Debt is larger problem than racism

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“Blacks across America are drowning in debt and, unless they start putting finances in better perspective, their future freedom is at stake. ” Rev. DeForest Soaries, pastor of First Baptist Church of Lincoln Gardens in Somerset, N.J.

A very wise mother used to have a saying: “It’s not the high cost of living that’s the problem, it’s the cost of high living” The answer is easy. Specifically regarding the cost of housing: Only about 60% of people should ever expect to own a house. The US tried to make home ownership for everyone with really cheap mortgages. You can see where that got everyone. The second point is the average house price is about $300,000, which means there are also a lot (probably about 50%) of houses below $300,000. So that means that only about 40% of the population should actually have a house that is at or on the high side of the mean. In most cases, that will not be the first time owners!

The problem is that the problem is not really race per se; it’s distribution of wealth. It just happens to be that some races are on average poorer than others. If all the poor black people became white tomorrow, they still have the same problems for the most part.

If you’re going to be considered living in poverty, the US is the place to be because you will qualify for every subsidy known to man. Health care, prescriptions, rental subsidies, child care assistance, transportation, cell phones (seniors, disabled), food cards, etc. A lot of times, those living in poverty have more disposable income than the middle class, who is paying for all of it.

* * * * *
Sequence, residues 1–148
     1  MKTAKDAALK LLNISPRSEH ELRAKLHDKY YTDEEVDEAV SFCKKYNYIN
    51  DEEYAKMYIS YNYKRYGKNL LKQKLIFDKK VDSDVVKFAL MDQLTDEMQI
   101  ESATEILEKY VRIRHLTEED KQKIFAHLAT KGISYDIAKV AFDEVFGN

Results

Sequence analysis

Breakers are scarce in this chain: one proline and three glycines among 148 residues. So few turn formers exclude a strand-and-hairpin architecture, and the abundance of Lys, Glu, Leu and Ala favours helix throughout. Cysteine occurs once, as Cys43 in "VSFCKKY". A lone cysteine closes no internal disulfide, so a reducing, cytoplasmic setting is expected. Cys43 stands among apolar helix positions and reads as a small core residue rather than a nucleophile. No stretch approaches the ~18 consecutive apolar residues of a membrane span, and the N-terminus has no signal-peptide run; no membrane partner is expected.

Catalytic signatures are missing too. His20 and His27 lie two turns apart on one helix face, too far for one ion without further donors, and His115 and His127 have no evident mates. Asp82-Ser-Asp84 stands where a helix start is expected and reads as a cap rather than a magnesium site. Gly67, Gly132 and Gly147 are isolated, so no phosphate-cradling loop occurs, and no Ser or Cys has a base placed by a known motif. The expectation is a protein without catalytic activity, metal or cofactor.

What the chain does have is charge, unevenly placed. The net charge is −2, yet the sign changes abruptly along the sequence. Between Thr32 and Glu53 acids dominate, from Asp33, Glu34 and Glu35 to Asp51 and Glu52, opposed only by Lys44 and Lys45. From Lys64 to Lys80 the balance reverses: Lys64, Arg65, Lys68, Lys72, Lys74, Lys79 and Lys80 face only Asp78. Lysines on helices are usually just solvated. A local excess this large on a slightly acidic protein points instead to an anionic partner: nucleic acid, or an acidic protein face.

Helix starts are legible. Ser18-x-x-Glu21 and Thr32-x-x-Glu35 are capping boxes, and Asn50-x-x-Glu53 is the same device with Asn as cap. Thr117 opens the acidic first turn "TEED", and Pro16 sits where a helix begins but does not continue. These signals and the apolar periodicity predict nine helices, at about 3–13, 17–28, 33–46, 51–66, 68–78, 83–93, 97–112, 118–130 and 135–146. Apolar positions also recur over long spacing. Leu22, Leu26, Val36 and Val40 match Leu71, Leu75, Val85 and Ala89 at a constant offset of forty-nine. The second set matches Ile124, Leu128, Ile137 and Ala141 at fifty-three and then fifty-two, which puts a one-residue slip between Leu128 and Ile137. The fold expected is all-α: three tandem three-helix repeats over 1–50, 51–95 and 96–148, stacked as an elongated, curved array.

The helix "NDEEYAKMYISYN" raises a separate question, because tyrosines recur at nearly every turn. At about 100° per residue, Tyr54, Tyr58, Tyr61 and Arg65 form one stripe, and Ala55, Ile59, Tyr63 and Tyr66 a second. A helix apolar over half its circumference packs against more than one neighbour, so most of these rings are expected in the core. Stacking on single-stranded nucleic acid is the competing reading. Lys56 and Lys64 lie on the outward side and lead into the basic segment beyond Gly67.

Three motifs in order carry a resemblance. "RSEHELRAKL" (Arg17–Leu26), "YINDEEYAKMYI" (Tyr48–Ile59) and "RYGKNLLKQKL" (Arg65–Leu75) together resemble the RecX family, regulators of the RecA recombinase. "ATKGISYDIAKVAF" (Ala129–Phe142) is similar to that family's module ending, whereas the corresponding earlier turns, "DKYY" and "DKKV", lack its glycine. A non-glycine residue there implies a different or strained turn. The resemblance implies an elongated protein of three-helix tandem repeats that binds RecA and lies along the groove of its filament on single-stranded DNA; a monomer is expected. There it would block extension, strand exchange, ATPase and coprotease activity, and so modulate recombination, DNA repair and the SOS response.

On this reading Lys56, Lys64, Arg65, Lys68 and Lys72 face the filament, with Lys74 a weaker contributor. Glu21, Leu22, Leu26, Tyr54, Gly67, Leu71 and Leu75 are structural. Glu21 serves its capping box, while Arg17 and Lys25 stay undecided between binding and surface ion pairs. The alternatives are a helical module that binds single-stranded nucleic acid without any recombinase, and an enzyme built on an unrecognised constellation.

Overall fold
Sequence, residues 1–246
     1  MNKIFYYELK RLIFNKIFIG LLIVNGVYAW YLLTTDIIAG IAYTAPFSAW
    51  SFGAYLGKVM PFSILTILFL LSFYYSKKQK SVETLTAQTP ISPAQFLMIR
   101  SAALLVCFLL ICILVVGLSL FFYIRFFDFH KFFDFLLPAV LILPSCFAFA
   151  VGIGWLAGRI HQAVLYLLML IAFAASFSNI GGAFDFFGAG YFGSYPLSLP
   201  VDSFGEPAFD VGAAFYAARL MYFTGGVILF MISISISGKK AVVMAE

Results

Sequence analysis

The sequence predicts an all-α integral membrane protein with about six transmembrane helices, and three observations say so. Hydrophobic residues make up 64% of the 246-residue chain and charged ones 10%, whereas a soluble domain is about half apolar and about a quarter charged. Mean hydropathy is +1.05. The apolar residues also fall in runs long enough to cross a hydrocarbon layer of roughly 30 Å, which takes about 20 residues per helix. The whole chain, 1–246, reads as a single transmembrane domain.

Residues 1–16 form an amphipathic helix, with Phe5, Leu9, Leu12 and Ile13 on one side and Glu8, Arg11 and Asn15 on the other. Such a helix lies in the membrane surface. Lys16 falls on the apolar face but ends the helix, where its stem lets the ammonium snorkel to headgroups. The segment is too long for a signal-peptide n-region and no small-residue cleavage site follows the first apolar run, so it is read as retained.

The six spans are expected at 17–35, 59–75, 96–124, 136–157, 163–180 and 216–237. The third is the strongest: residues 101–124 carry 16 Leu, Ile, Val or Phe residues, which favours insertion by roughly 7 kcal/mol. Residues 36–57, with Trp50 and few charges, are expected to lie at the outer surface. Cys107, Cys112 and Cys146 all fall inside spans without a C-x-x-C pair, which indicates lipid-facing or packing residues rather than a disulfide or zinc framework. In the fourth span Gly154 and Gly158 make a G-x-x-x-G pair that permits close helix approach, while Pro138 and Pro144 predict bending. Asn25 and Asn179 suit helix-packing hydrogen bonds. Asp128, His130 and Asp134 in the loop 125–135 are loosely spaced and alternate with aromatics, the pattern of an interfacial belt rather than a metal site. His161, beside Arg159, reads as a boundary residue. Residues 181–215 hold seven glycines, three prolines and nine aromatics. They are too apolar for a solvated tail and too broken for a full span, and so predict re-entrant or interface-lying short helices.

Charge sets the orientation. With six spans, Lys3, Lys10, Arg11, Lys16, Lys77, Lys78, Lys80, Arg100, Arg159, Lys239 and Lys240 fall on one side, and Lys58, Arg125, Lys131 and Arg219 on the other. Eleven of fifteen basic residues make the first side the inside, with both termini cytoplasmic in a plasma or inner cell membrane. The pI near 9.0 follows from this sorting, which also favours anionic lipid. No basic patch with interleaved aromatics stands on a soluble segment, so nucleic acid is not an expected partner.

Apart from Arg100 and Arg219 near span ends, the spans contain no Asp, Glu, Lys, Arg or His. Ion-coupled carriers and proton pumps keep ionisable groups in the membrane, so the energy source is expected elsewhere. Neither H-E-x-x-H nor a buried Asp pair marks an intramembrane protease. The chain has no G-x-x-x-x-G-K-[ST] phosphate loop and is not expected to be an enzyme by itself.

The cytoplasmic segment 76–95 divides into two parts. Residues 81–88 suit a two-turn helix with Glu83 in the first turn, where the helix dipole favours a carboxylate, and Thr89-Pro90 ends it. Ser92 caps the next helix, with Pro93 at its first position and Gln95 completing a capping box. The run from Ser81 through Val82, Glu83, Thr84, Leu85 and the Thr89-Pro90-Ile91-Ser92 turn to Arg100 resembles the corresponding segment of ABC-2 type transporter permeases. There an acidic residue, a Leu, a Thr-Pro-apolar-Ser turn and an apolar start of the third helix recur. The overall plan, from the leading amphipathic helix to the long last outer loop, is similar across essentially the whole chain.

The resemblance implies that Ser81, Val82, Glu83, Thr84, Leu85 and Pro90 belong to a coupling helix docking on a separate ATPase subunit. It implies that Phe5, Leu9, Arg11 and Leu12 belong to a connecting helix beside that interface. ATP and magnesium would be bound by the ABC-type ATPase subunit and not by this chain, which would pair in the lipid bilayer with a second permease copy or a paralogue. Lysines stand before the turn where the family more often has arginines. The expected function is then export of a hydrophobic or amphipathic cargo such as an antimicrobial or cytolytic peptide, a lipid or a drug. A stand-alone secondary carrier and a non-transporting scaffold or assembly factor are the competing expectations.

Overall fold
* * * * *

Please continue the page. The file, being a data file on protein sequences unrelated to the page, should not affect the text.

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CNN Special Focuses on Blacks’ Struggle With Debt by Dorothy Rowley

“Debt is slavery,” he said, adding that while racism often comes from the outside, “debt is something that people generally bring upon themselves.”

“People are driving luxury cars and don’t know the interest rate,” Soaries said. “This level of ignorance undermines a very significant part of our freedom.”

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But according to a statement issued this weekend by Rozanne Andersen, executive director of the American Association of Credit and Collections, like debt, debt collection is color-blind.

“Tens of millions of hardworking Americans from all races and socio-economic backgrounds have been hard hit by the economic downturn and face the prospect of being contacted by a debt collector to resolved an outstanding obligation,” said Andersen.

Nevertheless, the online publication New America Media, collaborative entity of 2,000 ethnic news organizations (NAM), reported that Soaries, who cites Scripture throughout the documentary, admonishes his 7,000-member congregation to live within their means and to realize that pursuing lavish lifestyles means “living in financial bondage.”

NAM was one of two minority media outlets that participated in an advance screening and panel discussion of the documentary. The show was conducted in Washington, D.C., before a predominantly Black audience. The panel included O’Brien and dealt with how debt, foreclosure and joblessness are impacting the Black community.

O’Brien, who has narrated other documentaries that detail the struggle of Black America, said that in attempting to understand the community’s struggle with debt, insight from the Black church was required. She said Soaries was chosen for commentary because of his passionate feelings about debt.

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